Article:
Earlier this year, it was announced that Nicole Kidman had joined the cast of Aquaman. The Big Little Lies star and Emmy winner will be playing lead star Jason Momoa's mother. The only thing is, she's only 12 years older than he is. What's more, Kidman is the exact same age as Lisa Bonet, who happens to be Momoa's wife.
If you think that's weird, wait until you hear this one: in 1994, Sally Field played Tom Hanks' mom in the classic movie Forrest Gump. Field, who is only 10 years older than Hanks, had played his love interest in another movie only six years before.
It seems as though there's an invisible threshold in Hollywood. Once women pass it, they're relegated to the "mom" pile — Amy Schumer's "Last Fuckable Day" sketch, which has Schumer join Julia Louis-Dreyfus, Tina Fey, and Patricia Arquette as they celebrate their last day as viable, sexy female stars, is the perfect satire of this. Men, on the other hand, can continue being sex symbols forever, à la George Clooney, Robert Redford, Harrison Ford, Robert Downey Jr, etc., etc., etc.
When men do get cast as fathers, they usually get paired with a younger, hotter wife, leaving fewer parts for older actresses looking for three-dimensional roles.
According to Allison Estrin, a casting director who has worked on movies like Pitch Perfect, Lovelace and Spider-Man: Homecoming, part of the reason women start getting cast as moms at a young age is because there are just more mother parts than there are father parts.
"Women definitely do get cast younger as moms, even in their early 20s," she said. "I find men usually don't start getting cast as dads until at least mid-30s."
The pressure on actresses to appear young and beautiful forever means that they often have to take more drastic measures. "There are definitely two types of actresses," Estrin explained." There are the actresses early on who know they're going to be the character actress, and they kind of age into that. And then there are the young, beautiful ingenues, and I do find that they start doing the botox and plastic surgery."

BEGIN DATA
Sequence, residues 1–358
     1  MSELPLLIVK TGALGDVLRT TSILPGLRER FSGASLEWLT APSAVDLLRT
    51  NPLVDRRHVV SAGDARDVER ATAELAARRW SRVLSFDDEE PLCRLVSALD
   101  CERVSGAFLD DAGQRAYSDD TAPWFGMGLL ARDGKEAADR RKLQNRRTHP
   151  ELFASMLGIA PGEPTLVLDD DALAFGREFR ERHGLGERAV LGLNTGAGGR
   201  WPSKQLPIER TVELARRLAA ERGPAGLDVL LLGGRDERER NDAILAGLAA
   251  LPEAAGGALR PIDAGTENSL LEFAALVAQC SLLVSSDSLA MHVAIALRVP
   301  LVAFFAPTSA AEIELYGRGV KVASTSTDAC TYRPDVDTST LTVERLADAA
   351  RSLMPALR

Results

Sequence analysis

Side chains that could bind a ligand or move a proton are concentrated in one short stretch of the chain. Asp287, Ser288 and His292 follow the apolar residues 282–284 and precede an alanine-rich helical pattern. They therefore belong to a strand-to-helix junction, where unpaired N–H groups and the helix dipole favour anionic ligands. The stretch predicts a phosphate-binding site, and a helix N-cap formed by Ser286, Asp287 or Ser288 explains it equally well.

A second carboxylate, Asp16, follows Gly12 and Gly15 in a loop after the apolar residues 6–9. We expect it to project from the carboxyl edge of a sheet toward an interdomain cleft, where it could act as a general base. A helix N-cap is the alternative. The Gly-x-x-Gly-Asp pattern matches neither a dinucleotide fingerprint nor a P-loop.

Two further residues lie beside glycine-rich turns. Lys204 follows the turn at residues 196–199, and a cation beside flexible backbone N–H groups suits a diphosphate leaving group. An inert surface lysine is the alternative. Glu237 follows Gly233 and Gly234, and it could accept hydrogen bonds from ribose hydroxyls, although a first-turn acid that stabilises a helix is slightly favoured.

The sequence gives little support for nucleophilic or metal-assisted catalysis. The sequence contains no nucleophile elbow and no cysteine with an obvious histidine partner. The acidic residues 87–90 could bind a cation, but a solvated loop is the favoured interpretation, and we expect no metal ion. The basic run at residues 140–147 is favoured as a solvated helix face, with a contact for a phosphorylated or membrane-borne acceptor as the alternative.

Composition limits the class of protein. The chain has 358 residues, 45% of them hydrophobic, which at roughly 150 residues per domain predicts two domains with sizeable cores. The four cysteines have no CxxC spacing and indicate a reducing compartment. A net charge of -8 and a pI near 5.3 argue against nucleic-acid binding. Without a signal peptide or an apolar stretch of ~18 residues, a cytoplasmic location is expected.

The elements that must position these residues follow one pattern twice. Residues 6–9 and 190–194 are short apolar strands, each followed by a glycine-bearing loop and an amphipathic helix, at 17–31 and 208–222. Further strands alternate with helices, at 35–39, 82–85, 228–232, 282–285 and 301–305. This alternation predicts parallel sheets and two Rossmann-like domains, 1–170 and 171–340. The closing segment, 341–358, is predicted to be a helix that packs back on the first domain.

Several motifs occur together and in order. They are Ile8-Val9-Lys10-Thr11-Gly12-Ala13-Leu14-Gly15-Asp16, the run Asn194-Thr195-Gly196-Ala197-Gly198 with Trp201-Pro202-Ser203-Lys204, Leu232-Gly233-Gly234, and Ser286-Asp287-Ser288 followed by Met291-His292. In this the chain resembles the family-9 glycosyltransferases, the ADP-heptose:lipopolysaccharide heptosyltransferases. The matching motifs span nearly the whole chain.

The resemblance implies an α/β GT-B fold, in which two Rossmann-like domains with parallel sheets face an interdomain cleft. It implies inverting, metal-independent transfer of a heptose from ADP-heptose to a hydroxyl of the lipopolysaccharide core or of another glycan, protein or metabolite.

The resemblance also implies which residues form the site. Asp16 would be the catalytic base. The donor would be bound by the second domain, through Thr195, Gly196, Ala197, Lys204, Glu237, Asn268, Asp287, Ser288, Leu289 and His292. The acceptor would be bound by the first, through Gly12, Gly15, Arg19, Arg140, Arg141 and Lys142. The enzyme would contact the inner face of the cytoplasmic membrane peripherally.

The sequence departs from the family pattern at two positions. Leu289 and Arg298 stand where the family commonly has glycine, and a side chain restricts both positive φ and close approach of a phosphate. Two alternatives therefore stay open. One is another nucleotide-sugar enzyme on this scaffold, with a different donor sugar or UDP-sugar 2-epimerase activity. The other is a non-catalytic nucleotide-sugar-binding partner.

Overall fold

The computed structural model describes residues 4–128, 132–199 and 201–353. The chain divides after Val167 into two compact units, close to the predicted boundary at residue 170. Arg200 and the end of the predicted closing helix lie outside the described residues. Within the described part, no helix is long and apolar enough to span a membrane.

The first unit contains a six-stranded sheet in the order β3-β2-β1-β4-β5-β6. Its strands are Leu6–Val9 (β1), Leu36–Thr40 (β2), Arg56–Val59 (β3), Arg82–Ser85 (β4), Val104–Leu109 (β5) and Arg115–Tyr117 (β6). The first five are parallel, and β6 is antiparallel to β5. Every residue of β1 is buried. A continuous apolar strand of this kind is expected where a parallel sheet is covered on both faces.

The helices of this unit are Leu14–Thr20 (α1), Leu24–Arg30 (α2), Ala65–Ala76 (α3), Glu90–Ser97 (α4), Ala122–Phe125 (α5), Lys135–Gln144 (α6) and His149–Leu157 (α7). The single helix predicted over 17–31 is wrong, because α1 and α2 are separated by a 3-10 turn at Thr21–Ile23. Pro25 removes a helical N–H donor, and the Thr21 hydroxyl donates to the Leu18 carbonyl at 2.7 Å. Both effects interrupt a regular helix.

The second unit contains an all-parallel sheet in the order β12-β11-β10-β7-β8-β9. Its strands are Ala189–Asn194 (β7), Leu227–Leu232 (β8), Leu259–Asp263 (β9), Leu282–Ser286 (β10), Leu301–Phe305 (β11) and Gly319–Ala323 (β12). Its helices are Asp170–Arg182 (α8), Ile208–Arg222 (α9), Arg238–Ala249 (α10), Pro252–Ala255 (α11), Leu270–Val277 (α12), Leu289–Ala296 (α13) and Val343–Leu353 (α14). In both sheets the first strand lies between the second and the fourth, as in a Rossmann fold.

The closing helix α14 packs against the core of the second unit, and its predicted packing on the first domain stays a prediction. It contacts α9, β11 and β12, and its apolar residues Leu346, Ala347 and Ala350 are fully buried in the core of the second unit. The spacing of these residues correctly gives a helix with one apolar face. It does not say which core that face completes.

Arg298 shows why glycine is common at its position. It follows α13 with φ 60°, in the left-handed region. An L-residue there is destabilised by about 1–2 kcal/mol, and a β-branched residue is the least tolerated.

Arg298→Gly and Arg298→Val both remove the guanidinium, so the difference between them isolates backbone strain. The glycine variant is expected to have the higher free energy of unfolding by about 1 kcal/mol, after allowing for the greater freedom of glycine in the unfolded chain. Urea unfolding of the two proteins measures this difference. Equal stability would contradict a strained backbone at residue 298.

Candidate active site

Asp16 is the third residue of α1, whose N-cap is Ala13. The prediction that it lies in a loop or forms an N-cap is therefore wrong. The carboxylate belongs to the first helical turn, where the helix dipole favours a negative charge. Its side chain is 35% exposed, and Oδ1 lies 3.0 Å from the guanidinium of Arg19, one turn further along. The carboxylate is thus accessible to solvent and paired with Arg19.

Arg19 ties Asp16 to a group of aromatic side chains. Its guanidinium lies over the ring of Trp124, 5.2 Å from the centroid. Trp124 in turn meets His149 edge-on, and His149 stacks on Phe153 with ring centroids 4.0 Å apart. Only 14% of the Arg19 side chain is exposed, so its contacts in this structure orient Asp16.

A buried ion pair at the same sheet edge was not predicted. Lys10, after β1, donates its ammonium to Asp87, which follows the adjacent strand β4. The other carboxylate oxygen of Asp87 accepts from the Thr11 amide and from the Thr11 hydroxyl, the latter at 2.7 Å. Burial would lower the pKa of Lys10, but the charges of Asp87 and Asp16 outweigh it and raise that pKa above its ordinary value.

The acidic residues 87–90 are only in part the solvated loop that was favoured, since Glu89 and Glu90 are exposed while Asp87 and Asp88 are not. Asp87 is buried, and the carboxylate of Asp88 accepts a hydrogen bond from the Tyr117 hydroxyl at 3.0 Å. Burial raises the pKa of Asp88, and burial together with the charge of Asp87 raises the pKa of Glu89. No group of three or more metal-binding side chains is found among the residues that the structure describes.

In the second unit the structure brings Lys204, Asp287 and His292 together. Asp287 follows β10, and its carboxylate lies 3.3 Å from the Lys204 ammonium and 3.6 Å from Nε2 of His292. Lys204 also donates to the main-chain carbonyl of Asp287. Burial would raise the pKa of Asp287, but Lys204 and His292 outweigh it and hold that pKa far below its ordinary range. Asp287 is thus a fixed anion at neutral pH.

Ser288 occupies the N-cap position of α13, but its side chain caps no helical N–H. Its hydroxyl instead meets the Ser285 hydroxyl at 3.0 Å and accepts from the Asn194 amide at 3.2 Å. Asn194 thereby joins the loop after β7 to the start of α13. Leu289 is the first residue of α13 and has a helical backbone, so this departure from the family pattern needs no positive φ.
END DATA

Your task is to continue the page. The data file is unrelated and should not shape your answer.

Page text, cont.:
But Estrin does point out that this is starting to change, especially as more women get behind the camera and into positions of power in Hollywood. "There have been a lot more projects like Big Little Lies, that are really showcasing adult women that actually look their age, and that's really important," she said. "As women are finding their voices right now and becoming stronger and stronger, this is the exact sort of thing that they're fighting against. We're in a really great time for women to be standing up and saying no to roles [that] don't feel age-appropriate to them."
When it comes to TV, things are a little better, mostly because of the unprecedented abundance of shows being made right now. Casting duo Amber Horn and Danielle Aufiero, who cast shows like The 100 and Disney's Andi Mack, explained that unlike 15 years ago, when movie studios ruled the business, actresses don't have to immediately say yes to a project they feel is unsuitable for fear that another one won't come along anytime soon.
"So much is changing," Horn said. "There's so much content, and so much more opportunity. There's so many more roles, and it's the best time for actors right now."
But still, Aufiero says they have to remain vigilant, especially when it comes to casting women in older roles, or alongside an older man. "Amber and I are really cognizant of it, so I'll bring up: 'Why is he so much older than her,' and we'll say it if we see a disparity that doesn't make sense. It's kind of our job to shine a light like that."
Click through for a roundup of some of the times actresses were way too young to play the mothers of their on-screen children.
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